Valencia dengue cases soar

The CHO has considered dengue as a priority concern after the alarming number of cases of infection and deaths, she said. 

Rizon said two elementary school pupils have died so far. Last year, she estimated the total number of cases at 60 to 70 cases, with three deaths. 

“It is already at an alarming rate,” she said. 

Joevencio San Mate, CHO dengue coordinator, spoke to the media this week about the situation in Valencia, with the highest number of cases traced to the poblacion barangay with 19 of the 67 cases and one of the two deaths. 

The CHO has warned against mediocrity in keeping cleanliness in the surroundings as they conducted a mobile public announcement this week in the city’s barangays. 

“There is no sure cure for dengue but cleanliness (as prevention),” she said, inviting the public to clean up or face the problem, especially in the time when the wet season is coming.

The CHO has advised the cleaning up of bottles and other liquid-carrying vessels to prevent breeding sites of the mosquitoes. She said if only people unite, dengue could be stopped. 

She said they haven’t conducted fogging operations yet, which is believed to be helpful. But she confirmed they have applied an anti larvae organic solution to control “capsulated eggs” of the dengue mosquitoes. 

Romeo Sulit, provincial field operations officer of the Department of Health office in Bukidnon, said that over the last 10 years, Valencia City consistently has the most number of cases throughout the province.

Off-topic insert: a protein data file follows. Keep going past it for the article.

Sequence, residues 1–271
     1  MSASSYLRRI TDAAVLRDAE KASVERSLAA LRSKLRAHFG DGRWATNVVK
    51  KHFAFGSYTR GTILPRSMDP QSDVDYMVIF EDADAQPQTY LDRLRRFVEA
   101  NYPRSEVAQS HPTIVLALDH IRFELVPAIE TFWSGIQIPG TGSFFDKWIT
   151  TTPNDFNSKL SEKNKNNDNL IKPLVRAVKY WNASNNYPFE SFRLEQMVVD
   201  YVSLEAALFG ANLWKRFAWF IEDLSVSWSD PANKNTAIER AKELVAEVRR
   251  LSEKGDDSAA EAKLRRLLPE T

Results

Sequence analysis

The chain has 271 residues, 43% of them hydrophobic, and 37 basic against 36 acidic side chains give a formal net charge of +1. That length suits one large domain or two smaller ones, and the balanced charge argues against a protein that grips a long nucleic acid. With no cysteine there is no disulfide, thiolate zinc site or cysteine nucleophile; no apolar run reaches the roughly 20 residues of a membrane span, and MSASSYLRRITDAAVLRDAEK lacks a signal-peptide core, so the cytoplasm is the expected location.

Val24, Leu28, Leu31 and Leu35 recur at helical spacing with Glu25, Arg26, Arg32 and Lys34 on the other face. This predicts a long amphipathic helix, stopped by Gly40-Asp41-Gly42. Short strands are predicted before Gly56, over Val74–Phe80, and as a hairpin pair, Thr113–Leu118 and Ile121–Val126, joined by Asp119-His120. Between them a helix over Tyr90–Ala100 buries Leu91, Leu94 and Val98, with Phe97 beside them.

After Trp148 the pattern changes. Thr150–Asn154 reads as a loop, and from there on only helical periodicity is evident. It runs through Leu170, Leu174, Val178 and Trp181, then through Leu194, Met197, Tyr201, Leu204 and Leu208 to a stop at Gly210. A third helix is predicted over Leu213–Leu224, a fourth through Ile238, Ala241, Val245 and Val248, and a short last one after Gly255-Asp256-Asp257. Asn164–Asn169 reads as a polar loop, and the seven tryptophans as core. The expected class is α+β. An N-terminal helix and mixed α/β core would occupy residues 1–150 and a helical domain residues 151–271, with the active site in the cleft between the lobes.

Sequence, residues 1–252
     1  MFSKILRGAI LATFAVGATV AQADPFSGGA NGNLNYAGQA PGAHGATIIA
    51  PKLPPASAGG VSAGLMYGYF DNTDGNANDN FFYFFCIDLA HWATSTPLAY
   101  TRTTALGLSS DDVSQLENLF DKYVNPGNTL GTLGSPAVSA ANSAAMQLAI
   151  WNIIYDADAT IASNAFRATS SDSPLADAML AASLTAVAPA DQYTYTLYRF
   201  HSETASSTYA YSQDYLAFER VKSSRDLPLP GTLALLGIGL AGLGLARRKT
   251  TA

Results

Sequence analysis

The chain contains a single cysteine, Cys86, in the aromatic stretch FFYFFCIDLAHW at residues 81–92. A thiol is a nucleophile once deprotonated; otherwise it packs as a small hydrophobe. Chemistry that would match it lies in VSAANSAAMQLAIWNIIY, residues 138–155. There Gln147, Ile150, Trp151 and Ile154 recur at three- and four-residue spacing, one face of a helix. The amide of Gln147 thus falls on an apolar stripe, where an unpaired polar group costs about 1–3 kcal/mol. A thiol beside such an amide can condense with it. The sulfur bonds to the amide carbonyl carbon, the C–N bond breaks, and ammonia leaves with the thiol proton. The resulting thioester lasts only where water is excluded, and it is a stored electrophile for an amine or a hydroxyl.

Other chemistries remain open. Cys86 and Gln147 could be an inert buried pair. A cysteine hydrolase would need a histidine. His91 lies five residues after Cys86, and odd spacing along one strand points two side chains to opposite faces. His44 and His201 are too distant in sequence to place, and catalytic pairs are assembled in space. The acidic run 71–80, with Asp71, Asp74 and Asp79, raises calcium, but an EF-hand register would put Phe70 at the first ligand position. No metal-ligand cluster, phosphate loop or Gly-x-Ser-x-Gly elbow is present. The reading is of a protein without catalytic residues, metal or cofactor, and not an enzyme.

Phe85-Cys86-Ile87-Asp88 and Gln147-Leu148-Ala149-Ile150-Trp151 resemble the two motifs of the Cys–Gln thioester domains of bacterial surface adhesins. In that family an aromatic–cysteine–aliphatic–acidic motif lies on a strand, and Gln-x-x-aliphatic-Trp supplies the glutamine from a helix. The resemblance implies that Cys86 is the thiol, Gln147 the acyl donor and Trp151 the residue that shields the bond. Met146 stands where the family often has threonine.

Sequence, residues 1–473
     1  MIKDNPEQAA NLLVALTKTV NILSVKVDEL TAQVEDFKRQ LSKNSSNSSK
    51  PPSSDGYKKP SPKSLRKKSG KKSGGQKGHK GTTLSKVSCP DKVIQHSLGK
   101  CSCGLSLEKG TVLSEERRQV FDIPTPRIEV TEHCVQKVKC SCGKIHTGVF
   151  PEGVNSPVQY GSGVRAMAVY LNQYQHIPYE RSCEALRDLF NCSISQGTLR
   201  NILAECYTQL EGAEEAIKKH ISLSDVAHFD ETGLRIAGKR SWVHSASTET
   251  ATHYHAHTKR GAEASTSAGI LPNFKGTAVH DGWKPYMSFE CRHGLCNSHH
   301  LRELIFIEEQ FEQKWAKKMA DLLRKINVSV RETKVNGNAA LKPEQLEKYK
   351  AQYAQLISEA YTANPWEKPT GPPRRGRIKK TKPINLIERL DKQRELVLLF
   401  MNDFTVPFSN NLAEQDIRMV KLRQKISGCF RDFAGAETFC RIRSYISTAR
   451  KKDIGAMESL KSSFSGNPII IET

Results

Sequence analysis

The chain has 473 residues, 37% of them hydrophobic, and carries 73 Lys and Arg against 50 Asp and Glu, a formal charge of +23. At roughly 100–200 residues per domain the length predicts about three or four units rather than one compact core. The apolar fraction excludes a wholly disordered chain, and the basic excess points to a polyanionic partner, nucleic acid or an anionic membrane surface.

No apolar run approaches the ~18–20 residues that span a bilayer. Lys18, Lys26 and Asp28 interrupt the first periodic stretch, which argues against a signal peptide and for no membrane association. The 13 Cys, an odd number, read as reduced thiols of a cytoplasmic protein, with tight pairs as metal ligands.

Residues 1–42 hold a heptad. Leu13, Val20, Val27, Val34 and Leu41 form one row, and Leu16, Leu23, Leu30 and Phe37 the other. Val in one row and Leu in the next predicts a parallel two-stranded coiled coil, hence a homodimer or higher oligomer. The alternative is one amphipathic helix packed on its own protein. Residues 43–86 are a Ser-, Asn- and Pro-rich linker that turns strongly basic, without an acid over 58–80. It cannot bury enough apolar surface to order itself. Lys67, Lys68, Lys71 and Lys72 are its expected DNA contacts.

He also cited an observation that the total number of cases of dengue infection rise in a three-year cycle due to the level of vigilance of the public. 

Citing it as the second year, he said they had approximately 1,400 cases in 2007. It went down to 280, or 80 percent down, in 2008.

Sulit said they are indeed expecting an upsurge of cases in 2009 that’s why they have alarmed the public about it during their information, education, and communication campaigns. 

He said the present number of cases is indeed alarming. He cited that the surge in transmission is common towards the end of summer and will peak from June to July.

He has likewise called for the public to clean up and never to relax in the fight against dengue. 

According to the Department of Health’s website, dengue hemorrhagic fever is an acute infectious disease manifested initially with fever.

Aedes aegypti, the transmitter of the disease, is a day-biting mosquito which lays eggs in clear and stagnant water found in flower vases, cans, rain barrels, old rubber tires, etc. The adult mosquitoes rest in dark places of the house.

Among the signs and symptoms include sudden onset of high fever which may last two to seven days, joint and muscle pain and pain behind the eyes, weakness, skin rashes, red tiny spots on the skin, nosebleeding when fever starts to subside, abdominal pain, vomiting of coffee-colored matter, and dark-colored stools. 

The DOH suggests to cover water drums and water pails at all times to prevent mosquitoes from breeding, replacement of water in flower vases once a week, clean all water containers once a week, scrub the sides well to remove eggs of mosquitoes sticking to
it, clean gutters of leaves and debris so that rain water will not collect as breeding places of mosquitoes, old tires used as roof support should be punctured or cut to avoid accumulation of water, collect and dispose all unusable tin cans, jars, bottles and other items that can collect and hold water. (Walter I. Balane / MindaNews)

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